“Movement is a medicine for creating change in a person’s physical, emotional and mental states.”
– Carol Welch
While everyone recognizes that health is their most valuable asset, many neglect the very basic and vital things we must do every day to preserve it and boost our wellness and vitality. In addition to nourishing our bodies with proper hydration, nutritious foods and enough sleep, we must move our bodies―regularly and often throughout the day.
We have gone from being a vigorous, hard-working, outdoor agricultural society to a predominantly passive, television-watching, indoor urban society. With the tech revolution, we have become even more sedentary. The majority of Americans drive to work, sit at desks all day and then drive home, only to land on the couch in front of their TVs, computers and other tech devices. In fact, according to the Center for Disease Control, 60% of Americans are not regularly physically active, and 25% are not active at all.1 The phrase “sitting is the new smoking” captures the severe health impacts of our sedentary lifestyle, including soaring obesity rates and the risk of serious illnesses like cancer, heart disease and type 2 diabetes.2 Society has reached a state of advancement that is making us sick.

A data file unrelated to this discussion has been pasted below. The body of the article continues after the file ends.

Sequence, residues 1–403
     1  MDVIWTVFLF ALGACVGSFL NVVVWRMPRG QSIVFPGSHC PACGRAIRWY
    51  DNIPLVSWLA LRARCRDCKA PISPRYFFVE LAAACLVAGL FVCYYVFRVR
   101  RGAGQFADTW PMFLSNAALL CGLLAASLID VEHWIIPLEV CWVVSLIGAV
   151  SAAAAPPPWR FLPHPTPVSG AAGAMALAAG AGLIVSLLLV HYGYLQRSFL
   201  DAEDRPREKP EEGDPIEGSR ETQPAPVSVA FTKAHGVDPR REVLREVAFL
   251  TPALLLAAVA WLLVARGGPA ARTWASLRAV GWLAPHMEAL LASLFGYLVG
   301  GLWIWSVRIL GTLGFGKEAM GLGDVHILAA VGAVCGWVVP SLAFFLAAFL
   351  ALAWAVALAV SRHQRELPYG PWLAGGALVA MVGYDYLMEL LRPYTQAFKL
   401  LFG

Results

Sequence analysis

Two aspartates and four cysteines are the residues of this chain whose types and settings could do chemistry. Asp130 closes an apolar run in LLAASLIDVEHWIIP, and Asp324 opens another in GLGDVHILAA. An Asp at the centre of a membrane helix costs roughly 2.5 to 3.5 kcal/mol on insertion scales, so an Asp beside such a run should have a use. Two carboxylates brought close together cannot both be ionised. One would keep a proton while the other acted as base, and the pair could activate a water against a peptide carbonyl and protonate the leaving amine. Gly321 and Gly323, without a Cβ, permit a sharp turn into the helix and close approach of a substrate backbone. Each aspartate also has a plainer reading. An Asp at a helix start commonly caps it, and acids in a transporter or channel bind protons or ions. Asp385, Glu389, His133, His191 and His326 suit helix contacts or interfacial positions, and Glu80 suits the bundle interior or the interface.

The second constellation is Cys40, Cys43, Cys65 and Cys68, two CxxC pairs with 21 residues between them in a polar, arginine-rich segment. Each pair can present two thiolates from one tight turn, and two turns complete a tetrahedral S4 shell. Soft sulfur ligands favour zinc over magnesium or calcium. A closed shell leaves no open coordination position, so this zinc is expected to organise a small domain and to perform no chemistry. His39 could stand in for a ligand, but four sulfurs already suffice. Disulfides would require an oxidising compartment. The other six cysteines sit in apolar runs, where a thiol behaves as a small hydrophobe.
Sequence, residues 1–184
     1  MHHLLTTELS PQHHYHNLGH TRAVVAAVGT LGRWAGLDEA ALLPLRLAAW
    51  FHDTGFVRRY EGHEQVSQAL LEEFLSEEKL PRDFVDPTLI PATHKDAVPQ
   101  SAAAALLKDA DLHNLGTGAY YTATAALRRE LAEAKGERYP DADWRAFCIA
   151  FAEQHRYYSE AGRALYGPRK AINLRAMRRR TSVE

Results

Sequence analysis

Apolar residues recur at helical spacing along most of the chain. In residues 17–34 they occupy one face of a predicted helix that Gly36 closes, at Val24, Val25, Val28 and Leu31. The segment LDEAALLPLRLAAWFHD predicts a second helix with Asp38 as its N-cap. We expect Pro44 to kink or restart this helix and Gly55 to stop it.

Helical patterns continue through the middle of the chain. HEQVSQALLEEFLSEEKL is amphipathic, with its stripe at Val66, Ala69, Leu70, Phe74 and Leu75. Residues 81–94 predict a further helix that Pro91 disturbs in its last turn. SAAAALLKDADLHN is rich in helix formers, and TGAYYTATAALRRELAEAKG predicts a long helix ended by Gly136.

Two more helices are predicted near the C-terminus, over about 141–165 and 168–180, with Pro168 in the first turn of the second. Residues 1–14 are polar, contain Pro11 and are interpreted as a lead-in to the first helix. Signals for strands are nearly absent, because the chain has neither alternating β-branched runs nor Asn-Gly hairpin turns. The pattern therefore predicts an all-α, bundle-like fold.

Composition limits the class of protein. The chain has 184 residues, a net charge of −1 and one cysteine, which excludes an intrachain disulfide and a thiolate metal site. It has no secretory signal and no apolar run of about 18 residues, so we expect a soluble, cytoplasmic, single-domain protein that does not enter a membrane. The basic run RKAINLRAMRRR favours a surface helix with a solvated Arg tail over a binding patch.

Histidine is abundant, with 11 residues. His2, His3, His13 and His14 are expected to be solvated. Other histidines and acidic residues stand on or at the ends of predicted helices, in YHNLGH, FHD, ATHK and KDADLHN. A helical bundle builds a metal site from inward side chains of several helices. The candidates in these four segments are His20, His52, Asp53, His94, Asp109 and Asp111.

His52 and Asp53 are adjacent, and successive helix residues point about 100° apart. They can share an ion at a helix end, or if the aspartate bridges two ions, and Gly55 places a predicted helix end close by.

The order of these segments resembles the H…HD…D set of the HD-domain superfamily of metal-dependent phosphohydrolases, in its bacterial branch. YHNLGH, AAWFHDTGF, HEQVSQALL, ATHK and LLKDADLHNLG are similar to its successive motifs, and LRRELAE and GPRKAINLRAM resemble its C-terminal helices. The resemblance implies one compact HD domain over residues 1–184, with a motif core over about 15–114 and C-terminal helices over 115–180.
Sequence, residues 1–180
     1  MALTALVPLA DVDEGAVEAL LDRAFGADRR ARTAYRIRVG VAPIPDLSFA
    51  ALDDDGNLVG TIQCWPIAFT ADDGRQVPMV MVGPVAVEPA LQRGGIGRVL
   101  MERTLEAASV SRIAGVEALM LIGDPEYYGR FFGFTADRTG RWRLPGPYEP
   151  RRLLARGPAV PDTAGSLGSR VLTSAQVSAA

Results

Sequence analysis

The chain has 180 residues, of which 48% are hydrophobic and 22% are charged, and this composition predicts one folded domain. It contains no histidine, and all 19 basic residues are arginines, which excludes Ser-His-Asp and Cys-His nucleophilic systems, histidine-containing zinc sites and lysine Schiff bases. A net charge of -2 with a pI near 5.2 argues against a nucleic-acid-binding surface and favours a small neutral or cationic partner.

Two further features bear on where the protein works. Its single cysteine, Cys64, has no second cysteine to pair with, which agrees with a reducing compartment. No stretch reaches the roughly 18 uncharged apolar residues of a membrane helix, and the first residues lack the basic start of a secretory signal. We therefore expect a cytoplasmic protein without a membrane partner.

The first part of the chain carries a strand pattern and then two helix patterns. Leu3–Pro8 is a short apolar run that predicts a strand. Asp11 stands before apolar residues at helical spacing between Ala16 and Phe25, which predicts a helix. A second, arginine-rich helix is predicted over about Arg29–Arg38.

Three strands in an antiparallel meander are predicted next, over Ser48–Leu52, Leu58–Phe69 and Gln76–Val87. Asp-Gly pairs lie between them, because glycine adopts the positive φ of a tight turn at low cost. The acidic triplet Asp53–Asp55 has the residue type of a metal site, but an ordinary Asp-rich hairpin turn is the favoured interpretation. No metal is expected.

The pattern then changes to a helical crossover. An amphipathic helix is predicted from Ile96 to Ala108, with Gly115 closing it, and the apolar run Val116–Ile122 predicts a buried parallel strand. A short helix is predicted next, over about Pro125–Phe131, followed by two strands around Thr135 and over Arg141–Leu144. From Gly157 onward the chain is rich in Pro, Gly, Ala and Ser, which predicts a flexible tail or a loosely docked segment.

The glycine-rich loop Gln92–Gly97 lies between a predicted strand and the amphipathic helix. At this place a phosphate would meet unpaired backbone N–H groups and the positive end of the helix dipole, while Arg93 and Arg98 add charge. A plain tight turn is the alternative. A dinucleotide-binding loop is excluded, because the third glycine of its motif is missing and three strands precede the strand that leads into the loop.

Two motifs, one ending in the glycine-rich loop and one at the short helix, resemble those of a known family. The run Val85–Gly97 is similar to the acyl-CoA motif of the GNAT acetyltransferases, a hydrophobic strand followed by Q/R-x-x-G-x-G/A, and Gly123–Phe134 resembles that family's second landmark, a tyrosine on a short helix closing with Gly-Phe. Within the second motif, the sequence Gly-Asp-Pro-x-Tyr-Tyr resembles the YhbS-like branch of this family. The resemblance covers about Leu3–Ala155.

Certainly, 21st-century medical advances are keeping us alive longer, but longevity does not equate with quality of life. Unfortunately, many of us are living longer in a state of disability and poor health. By not moving enough, we are ushering ourselves into illness, disability and premature aging and death.
Now, we will explore how moving more every day can help us improve our health, wellbeing and quality of life so we can enjoy living longer in a state of vitality.
Movement and your health, wellbeing and longevity
“Those who think they have not time for bodily exercise will sooner or later have to find time for illness.”
– Edward Stanley
Your aerobic capacity depends on a healthy cardiopulmonary system, which includes the lungs, heart and vascular network. While aerobic capacity has been shown to decline with age, it does not have to. You can maintain it if you are willing to invest the time and energy. How effectively your body’s muscle cells use oxygen to convert carbohydrates and fat into energy is critical for optimal functioning. You can increase your oxidative capacity through regular aerobic exercise.3